Flowers Part II
This month’s edition of ATPM features pictures of flowers courtesy of Jens Grabenstein. The pictures were shot with a Canon EOS 300 using a 28-80mm zoom lens and a 200 ASA 35mm Kodak Gold film. The photos were developed as reprints in 10 x 15 format and scanned with an Agfa SnapScan 310, producing a raw scan of each image with a resolution of 300dpi. Re-sampling and re-touching were performed with Adobe Photoshop 5.5 for Macintosh.
The pictures were taken in the garden of his parents in Dingelsdorf, a village close to the town of Konstanz in the Southern part of Germany. Jens loves to take pictures of flowers. “Taking a picture of a flower or a blossom almost guarantees a nice photograph. Nature provides us with so many beautiful motifs. You just have to go outside and look!”
What better to cool us down from the smeltering summer heat than a few pictures of wintery ice and snow? The following chilly pictures were taking in Konstanz, Germany and Cambridge, Massachusetts during the past few winters. They were taken with a variety of Olympus digital cameras. Processing occurred in iView and especially Cameraid. Some corrective and artistic filters have been applied, so the snow may look slightly unnatural in a few images. Have a cool one!
Previous Months’ Desktop Pictures
If you haven’t seen the rest of the series, it includes: Yellowstone National Park, Drops, Toronto, Niagara Falls, Monaco, Montréal, Bahamas, Clouds, Aerial, Made with Macs, Landscapes, Northwest, Animals, Spring Flora, National Parks, Insects, Konstanz, Mark Montgomery’s Desktop Pictures, Konstanz Part II, British Columbia, New York, France, Maine, From ATPM Readers, New York II, Washington, D.C., Lighthouses, Mobius, St. Lucia, Icicles, Winter in South Hampton, Hawaii, London, Flowers, Southern California, Flowers II, and Winter.
Downloading all the Pictures at Once
iCab and Interarchy (formerly Anarchie) can download an entire set of desktop pictures at once. In iCab, use the Download command to download “Get all files in same path.” In Interarchy, use HTTP Mirror feature.
Contributing Your Own Desktop Pictures
If you have a picture, whether a small series or just one fabulous or funny shot, feel free to send it to email@example.com and we’ll publish it in next month’s issue. Have a regular print but no scanner? Don’t worry. E-mail us, and we tell you where to send it so we can scan it for you. Note that we cannot return the original print, so send us a copy.
Placing Desktop Pictures
Mac OS X
Switch to the Finder. Choose “Preferences…” from the “Finder” menu. Click on the “Select Picture…” button on the right. In the Open Panel, select the desktop picture you want to use. The panel defaults to your “~/Library/Desktop Pictures” folder. Close the “Finder Preferences” window when you are done.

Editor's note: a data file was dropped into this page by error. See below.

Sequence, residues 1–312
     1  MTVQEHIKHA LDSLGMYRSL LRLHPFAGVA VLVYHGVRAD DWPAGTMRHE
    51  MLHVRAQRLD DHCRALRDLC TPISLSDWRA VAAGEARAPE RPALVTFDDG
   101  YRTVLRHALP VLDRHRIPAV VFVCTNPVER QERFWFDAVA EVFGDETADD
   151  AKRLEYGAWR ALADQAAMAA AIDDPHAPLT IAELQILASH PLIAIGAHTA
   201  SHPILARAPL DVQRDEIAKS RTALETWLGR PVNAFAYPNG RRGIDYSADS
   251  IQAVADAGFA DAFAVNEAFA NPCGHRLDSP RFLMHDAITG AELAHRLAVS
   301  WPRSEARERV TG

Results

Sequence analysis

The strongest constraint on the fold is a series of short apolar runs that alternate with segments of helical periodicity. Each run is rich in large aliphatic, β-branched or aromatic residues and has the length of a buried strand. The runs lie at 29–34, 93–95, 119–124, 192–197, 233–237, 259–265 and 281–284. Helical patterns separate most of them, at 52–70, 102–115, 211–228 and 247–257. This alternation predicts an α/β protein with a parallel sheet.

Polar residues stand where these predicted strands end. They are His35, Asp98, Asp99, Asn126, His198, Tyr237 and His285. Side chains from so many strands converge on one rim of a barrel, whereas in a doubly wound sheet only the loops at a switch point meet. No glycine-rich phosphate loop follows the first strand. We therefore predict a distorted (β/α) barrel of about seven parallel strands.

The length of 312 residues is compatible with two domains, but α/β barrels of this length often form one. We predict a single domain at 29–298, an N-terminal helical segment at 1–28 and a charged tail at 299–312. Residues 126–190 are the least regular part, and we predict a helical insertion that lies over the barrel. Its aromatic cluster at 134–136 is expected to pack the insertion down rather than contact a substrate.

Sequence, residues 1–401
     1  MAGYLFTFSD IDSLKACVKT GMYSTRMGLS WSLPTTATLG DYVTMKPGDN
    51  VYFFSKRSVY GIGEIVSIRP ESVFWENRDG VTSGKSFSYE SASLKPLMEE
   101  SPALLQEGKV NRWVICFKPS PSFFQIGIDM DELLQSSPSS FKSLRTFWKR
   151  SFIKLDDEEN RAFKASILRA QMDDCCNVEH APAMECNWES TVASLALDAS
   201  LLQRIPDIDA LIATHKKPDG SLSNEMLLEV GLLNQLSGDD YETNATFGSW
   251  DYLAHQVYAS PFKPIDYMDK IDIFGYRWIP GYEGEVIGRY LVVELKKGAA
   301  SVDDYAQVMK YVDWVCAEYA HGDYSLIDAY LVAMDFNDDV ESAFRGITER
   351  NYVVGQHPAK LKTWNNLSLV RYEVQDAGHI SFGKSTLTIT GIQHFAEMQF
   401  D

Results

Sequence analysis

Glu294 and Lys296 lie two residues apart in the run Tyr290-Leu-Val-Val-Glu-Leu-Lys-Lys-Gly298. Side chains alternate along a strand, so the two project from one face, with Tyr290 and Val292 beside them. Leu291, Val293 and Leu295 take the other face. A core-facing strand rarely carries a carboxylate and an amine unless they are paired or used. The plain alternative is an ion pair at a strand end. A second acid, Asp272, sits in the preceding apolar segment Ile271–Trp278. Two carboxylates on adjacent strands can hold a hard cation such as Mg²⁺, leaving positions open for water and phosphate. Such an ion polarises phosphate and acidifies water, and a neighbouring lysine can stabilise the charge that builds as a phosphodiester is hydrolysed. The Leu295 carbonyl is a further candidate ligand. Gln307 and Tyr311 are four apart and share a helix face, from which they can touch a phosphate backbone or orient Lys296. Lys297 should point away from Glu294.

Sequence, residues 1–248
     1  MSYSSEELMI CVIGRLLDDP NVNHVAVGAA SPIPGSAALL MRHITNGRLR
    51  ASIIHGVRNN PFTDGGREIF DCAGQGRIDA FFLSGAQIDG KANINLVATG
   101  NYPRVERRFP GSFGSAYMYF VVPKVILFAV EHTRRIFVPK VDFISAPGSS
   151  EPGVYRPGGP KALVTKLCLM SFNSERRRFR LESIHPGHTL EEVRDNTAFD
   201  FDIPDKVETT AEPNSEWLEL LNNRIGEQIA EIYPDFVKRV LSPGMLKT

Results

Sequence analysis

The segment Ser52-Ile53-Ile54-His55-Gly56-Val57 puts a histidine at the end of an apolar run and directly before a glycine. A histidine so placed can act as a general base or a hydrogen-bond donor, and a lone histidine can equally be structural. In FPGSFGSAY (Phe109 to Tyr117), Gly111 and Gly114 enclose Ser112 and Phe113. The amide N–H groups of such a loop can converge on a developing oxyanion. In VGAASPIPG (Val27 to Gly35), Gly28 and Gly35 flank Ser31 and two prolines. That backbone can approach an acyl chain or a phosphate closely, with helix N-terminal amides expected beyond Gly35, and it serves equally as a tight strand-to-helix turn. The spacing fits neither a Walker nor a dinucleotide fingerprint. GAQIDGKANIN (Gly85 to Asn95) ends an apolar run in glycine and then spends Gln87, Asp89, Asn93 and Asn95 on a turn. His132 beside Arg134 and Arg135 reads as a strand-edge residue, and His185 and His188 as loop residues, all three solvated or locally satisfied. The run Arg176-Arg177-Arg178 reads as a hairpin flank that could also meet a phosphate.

You can also use the pictures with Mac OS X’s built-in screen saver. Choose “System Preferences…” from the Apple menu. Click the screen saver button. Then click on Custom Slide Show in the list of screen savers. If you put the ATPM pictures in your Pictures folder, you’re all set. Otherwise, click Configure to tell the screen saver which pictures to use.
Mac OS 8.5-9.1
Go to the Appearance control panel. Click on the “Desktop” tab at the top of the window. Press the “Place Picture…” button in the bottom right corner, then select the desired image. By default, it will show you the images in the “Desktop Pictures” subfolder of your “Appearance” folder in the System Folder, however you can select images from anywhere on your hard disk.
After you select the desired image file and press “Choose,” a preview will appear in the Appearance window. The “Position Automatically” selection is usually fine. You can play with the settings to see if you like the others better. You will see the result in the little preview screen.
Once you are satisfied with the selection, click on “Set Desktop” in the lower right corner of the window. That’s it! Should you ever want to get rid of it, just go to the desktop settings again and press “Remove Picture.”
Mac OS 8.0 and 8.1
Go to the “Desktop Patterns” control panel. Click on “Desktop Pictures” in the list on the left of the window, and follow steps similar to the ones above.
Random Desktop Pictures
If you drag a folder of pictures onto the miniature desktop in the Appearance or Desktop Pictures control panel, your Mac will choose one from the folder at random when it starts up.